Ani: I also haven’t really thought about the preservation of vinyl culture — I think vinyl culture is doing quite well. All of my friends are DJs and record dealers or record store owners or selling on the side, so I think it’s really alive. Maybe when I arrived in Hong Kong, I felt that there wasn’t such a strong vinyl culture here in terms of I couldn’t see many people DJing records, and I felt like there was a need to make records more visible and accessible to people. But it was something natural that happened because I myself love records and I want to DJ with them, and for people to expand their musical options beyond Spotify.
Yuki: ビニールカルチャーが人々にもたらす価値観… それはデータやインターネットで聞く音楽とは違った魅力があると思います。例えば聞いた事の無い知らないvinylのcover jacketになんだか惹かれたり、そのvinylに針を落とす瞬間の高揚感、未知なる音楽との出会い。 それは終わり無きvinyl diggingのはじまりです。
ENG:The values that vinyl culture brings to people ... I think it has a different appeal from data and music you listen to on the Internet. For example, I was attracted to the cover jacket of a vinyl that I had never heard of, the feeling of exhilaration at the moment when I dropped the needle on the vinyl, and the encounter with unknown music. It is the beginning of endless vinyl digging.
You recently launched a fundraising campaign for India, to raise awareness and funds for the chaos that has unravelled across the nation because of the pandemic. How has the music and vinyl community responded?
Ani: We just finished the #artforcovidindia fundraiser, and it was very touching. We raised more than 33,000HKD in five days, still have to distribute dozens of records, and it was very politically meaningful for me to mobilise funds in a way that challenges the typical understanding of ‘charity’.
We explicitly explained to people what mutual aid is, what vaccine inequality is and how racism against South Asians in Hong Kong has already existed but has increased ever since the second wave of COVID-19 hit India. So I believe that our community really mobilised in support of this mutual aid fundraiser, and we managed to make the fundraiser joyful and fun, with DJ sets and records and then our party at Potato Head last Thursday kind of celebrating the end of the fundraiser. I’m not sure when the next fundraiser is — we need to restock! — but we will definitely be collaborating with Gongsik (a Hong Kong-based collective working on social justice and —transnational solidarity in the Hong Kong context) again — I’m a member of Gongsik and so is Priyanka Sen, who coordinated the mutual aid fundraiser for India with me.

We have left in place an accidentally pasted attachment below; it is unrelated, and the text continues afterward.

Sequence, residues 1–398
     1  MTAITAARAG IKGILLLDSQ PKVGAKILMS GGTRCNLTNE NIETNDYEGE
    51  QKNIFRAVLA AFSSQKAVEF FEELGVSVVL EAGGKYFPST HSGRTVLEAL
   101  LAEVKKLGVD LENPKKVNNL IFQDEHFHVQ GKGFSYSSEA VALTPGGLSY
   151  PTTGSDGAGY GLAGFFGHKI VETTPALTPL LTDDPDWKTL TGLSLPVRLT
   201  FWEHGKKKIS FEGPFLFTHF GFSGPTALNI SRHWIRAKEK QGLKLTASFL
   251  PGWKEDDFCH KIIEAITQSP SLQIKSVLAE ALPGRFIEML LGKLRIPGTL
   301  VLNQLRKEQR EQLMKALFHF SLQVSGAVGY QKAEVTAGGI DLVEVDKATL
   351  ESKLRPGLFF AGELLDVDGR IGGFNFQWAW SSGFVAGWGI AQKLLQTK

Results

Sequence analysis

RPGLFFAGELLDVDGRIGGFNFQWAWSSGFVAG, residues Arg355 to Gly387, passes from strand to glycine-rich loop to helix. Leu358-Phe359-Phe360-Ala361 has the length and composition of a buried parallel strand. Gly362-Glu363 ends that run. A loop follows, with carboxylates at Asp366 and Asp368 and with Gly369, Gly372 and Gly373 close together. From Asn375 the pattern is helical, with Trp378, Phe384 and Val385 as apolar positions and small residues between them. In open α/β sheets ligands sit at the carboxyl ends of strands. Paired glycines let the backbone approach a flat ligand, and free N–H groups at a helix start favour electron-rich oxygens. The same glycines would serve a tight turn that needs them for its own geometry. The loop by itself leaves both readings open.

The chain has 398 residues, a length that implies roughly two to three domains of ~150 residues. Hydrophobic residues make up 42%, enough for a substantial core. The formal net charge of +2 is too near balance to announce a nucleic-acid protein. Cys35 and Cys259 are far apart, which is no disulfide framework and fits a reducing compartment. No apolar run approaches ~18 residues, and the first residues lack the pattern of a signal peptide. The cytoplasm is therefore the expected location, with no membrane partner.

What are your goals and is there a future planned for Bad Times Disco outside of Hong Kong?
Ani: Everything that we’ve done has been completely organic and spontaneous, and we just can’t find the words to describe the warm reaction that we’ve received from people in Hong Kong and also record dealers and diggers abroad. Everything is just flowing.
In Hong Kong, this ‘pop up’ logic really works — it seems that people appreciate the temporality of pop up events more than brick and mortar stores sometimes — so we’ll just continue to do pop-ups until we’re too tired. I’d love to collaborate with some physical spaces and set up a shop for a month or something, do more parties like we’re currently doing in Potato Head but in open-air spaces.
In terms of when travel opens up in Asia — there are way too many venues to list. But since we began our party in Potato Head Hong Kong, doing a full-on party in Potato Head Bali is high up on the list. And there are lots of new record shops opening — like Peels in Indonesia that we’d love to visit and collaborate with. And of course, playing anywhere in Japan with Yuki would be personally a dream come true for me.
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And now for some tunes, handpicked by Bad Times Disco. Dig in.
Ani: This one is not recent — it travels with me wherever I go and got it from my favourite record dealer from São Paulo, Rodrigo Plaça (also known as Rodrigo Breaks). I’m a huge Dulce Quental fan.
Ani: Picked it up mostly because of the cover and because late 80s and early 90s cantopop is my jam! Turns out to be on a super small label, an artist who didn’t release many records, and has lovely tracks.
Ani: This one I got from Yuki! Thanks Yuki!
Yuki: This one I got from Wall of Sound in Central. It’s a mix of synthesisers and Indian instruments, and very psychedelic and trippy.
Yuki: Night market in Sham Shui Po! One of my favourites.